In this guide, we will discuss what is Historical Materialism, the central thesis and definitions. Additionally, we will talk about some of the most important concepts related to historical materialism, a bit of historical background on Karl Marx and aspects such as the existence of a free will.
Historical Materialism is also considered to be the materialist conception of history. It is also the Methodology used by some politicians, histographers and philosophers that support communism and Marxism, that focuses on the development of human societies through history, indicating that history is the result of material conditions rather than ideals.
According to Alan Woods from marxist.com, “Marxists do not see history as a mere series of isolated facts but rather, they seek to discover the general processes and laws that govern nature and society. The first condition for science, in general, is that we can look beyond the particular and arrive at the general. The idea that human history is not governed by any laws is contrary to all science”.
Moreover, we know that historical materialism argues that material conditions of the mode of production determine the organization and its development, meaning that how goods are made, have an influence on society and societies change over time. However, human beings need to survive by producing and reproducing, material possessions or goods.
Historical Materialism and Politics
This theory is believed to be also the central argument for the Marxist conception of the political world. This means that historical relationships between the social classes and the political structures support the relationships, founded on the economic activity within any given society.
In other words, Marx and Engels historical development can be understood via the notion of class conflict. In Capitalism, the owners of the means of production exploit or alienate those who work the means of production. In Marxism, the aim is to create a society that won’t have class conflict. This is why Marx and Engels truly believe that communist societies would end with the class conflict that characterizes capitalist societies.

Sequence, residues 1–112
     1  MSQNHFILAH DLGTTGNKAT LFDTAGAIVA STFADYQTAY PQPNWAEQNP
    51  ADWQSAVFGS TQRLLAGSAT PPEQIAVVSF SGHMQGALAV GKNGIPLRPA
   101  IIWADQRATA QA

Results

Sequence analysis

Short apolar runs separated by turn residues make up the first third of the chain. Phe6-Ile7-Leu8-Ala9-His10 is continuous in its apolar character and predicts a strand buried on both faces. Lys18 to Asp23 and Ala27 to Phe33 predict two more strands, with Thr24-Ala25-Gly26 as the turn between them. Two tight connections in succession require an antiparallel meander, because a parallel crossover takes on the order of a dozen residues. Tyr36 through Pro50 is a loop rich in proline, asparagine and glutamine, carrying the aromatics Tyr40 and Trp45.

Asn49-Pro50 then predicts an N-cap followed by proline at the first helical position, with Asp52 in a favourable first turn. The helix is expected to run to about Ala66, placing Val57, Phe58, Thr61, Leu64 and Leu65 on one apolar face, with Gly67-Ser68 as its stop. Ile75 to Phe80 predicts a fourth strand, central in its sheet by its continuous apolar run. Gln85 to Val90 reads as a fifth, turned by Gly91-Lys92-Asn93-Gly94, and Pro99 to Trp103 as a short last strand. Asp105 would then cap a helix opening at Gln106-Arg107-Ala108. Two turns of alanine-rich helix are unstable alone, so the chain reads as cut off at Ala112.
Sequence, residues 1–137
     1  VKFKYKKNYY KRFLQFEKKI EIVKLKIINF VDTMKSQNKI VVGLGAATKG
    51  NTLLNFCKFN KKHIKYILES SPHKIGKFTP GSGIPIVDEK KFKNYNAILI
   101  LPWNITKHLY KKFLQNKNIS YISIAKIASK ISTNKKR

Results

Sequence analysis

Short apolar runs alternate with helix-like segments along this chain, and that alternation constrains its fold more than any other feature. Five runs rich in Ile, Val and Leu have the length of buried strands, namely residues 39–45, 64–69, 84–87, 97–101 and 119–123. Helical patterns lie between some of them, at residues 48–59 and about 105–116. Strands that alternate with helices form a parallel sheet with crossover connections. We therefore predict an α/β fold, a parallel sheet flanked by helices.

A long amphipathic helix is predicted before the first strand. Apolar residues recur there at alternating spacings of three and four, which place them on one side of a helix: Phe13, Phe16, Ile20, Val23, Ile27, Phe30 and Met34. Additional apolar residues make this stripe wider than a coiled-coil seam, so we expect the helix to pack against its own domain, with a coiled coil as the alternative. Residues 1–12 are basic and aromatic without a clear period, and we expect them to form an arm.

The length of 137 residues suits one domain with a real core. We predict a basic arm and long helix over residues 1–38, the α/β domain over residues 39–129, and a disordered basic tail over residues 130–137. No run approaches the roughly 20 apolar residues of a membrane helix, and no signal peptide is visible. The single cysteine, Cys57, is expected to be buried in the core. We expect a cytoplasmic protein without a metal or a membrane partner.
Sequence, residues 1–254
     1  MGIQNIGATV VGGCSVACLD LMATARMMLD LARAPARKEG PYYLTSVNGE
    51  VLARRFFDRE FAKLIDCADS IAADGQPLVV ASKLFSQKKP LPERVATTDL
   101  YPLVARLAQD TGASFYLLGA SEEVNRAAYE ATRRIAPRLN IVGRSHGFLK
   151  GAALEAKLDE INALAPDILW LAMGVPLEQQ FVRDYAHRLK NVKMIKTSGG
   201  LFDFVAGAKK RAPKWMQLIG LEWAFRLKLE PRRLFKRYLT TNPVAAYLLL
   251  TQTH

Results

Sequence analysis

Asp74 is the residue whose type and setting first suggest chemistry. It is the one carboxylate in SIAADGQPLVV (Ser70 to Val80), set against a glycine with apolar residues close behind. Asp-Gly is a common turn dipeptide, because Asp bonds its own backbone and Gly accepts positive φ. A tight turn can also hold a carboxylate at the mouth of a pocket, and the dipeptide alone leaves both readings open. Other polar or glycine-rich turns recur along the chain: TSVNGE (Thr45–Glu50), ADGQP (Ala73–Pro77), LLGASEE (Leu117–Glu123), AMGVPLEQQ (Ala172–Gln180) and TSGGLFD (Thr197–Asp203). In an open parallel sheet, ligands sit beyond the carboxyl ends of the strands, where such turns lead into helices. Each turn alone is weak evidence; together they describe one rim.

A bit of historical background on Karl Marx
Karl Marx (1818-1883) was born in Germany in a Jewish family who later converted to Christianity when they had to face anti-jewish laws at that time. During his childhood, he attended a private school, later on, he went to law school and gained his PhD in Philosophy in 1841. When he was still a student, he was influenced by the philosophy of George Hegel and his successors.
However, later on, he critiqued what Hegel had argued and went on to develop his own theory of historical materialism. “After receiving his Ph.D., Marx worked as a journalist and became involved in communist thought and politics, as well as numerous political and social issues of the time. In 1843 he married Jenny Von Westphalen and, in 1844, he met Friedrich Engels, who would financially support much of Marx’s later writing and co-author some of his most influential works, such as the Manifesto of the Communist Party and The German Ideology (routledgesoc.com)”.
In 1849 Marx moved to England, and he spent the rest of his life researching and writing more frequently in politics and economics until he died in 1883. Much of his later writings were more on economics and less around philosophical matters.
Why is it important to talk about Marx Today?